Sundance London presents Misha and the Wolves, now available on BBC iPlayer.
The notion of ‘truth’ is a complicated one. After all, while it can be defined objectively, people often disagree when you whittle down the concept. For example, some would say seeing is believing, while others suggest that we can feel the truth. Then there’s doublespeak, where you don’t lie, but you’re also hiding a secondary meaning in your words; you have been truthful, but at the same time, duplicitous. The idea of truth becomes even further complicated in documentary filmmaking. For example, a single sentence can be spliced, removed, edited and rearranged, providing an entirely different context and meaning. While at the same time, constructed realism labelled as documentary can add another layer of complexity—for example, Bloody Nose, Empty Pockets. So when Sam Hobkinson places truth at the core of Misha and the Wolves, some may not like the result.
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Centred around Misha Defonseca, Hobkinson spends his time carefully establishing Misha’s backstory, allowing us to experience her fascinating journey. Misha’s story is an incredible tale of resilience, hope and strength as a Holocaust survivor. After all, to walk across Germany in search of your parents, only to be raised by wolves and accepted as one of their own, is a truly remarkable tale. One centred around an extraordinary person. And as the journey is recalled, Misha’s neighbours and publisher only further emphasise the unique character of Miss Defonseca. It’s almost unbelievable, and yet here she is, telling us her story. We’re enthralled and enraptured by this magnificently emotional tale. But, just as we find ourselves emotionally attached to Misha’s journey, Hobkinson pulls the rug out from underneath us.
Hobkinson deliberately designs much of the first act in Misha and the Wolves to lure us in. His camera deceives us yet pulls us in to further ensure we are fully invested in Misha’s story. Here, you align with Misha’s neighbours, her publisher, and the entire world in the fascination, beauty, emotion and strength of Misha’s story. By structuring this little deception, Hobkinson purposely weaves us into the very fabric of the story – it’s an emotional retelling through an aesthetical fraud that is remarkably clever and deviously hidden in plain sight.
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After the initial screening of Misha and the Wolves, some critics decried Hobkinson’s methods as unethical, an insult to the Documentary genre because of the deceitful contradiction held within what is classed as a real genre. But, in my opinion, Hobkinson’s methods allow us to engage with the story of Misha Defonseca so closely that it feels like a stroke of genius. It’s evident that just as Hobkinson’s interest is held within telling us a tale of lies and deceit, he also seeks to interrogate the concept of truth contained within documentary filmmaking. Here, we accept and believe what his film tells us, just as the world bought Misha’s story free from critical analysis. We never once question the possibility that the person on screen may not be truthful, or perhaps even real.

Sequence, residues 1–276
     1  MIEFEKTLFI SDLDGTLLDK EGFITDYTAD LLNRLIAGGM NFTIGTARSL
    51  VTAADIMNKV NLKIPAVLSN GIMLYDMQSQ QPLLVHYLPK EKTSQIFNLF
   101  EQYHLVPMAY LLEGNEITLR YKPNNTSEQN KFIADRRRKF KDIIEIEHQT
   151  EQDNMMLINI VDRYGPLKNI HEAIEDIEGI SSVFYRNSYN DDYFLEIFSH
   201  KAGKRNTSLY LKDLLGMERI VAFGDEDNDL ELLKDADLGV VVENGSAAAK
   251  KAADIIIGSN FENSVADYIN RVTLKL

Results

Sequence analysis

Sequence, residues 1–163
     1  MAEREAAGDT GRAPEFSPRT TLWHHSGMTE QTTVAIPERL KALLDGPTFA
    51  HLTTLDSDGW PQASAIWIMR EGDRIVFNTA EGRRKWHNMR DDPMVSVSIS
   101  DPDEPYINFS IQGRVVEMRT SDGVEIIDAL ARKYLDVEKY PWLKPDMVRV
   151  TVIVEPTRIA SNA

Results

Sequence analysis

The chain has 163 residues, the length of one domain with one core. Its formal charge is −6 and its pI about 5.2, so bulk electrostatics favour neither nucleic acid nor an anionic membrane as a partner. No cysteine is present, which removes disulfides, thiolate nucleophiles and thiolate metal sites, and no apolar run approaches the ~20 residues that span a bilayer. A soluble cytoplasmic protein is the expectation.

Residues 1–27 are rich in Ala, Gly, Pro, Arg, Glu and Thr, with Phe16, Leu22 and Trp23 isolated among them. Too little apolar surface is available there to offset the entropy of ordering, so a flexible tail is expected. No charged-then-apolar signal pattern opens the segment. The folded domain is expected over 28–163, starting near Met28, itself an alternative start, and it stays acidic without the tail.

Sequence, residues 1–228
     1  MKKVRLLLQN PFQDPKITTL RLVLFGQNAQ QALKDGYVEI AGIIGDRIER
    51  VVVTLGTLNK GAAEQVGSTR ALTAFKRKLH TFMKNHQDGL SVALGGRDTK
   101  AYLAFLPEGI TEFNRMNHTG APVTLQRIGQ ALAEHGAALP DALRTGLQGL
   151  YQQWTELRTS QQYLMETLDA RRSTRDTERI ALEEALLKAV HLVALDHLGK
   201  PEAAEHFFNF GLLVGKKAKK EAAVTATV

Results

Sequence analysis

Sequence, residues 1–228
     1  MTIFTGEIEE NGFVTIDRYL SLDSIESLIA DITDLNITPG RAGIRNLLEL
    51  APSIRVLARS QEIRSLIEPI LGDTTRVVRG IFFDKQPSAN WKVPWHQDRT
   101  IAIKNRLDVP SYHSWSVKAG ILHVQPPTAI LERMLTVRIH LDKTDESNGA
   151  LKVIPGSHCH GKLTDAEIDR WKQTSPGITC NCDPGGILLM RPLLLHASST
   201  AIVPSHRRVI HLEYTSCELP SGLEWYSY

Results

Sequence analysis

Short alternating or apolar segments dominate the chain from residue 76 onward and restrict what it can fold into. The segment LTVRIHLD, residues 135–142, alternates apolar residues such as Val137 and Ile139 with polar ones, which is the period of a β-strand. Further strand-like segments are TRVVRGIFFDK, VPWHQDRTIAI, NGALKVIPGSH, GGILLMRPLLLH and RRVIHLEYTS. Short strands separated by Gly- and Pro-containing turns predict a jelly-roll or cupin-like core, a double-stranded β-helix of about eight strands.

By revealing his deception, Hobkinson dismantles the very genre he works within to outline its inherently contradictory nature. Documentaries aren’t required to tell the truth, and we find ourselves asking how many do. Maybe we are just being fed a reality that is a fractured reflection of a story we will never fully understand.
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As Misha and the Wolves draws to a close, there are no heroes or villains. Instead, we are left with a murky ambiguity as to who the “truthful” individual is. And while it’s clear Misha deceived the world, the internalised trauma of the Holocaust may well have played a part in her fabrication. But, in truth, the divide between honesty, fiction, and reality is so clouded that we will never know for sure.
Sam Hobkinson’s surgical operation on the beating heart of the documentary genre is divisive yet essential. It allows him to stand out as a documentarian precisely because he refuses to let himself fall to a perceived truth. While at the same time, he asks us all an important question, do documentaries tell us the truth; or a structured version of the truth?
Documentaries aren’t required to tell the truth, and we find ourselves asking how many do. Maybe we are just being fed a reality that is a fractured reflection of a story we will never fully understand.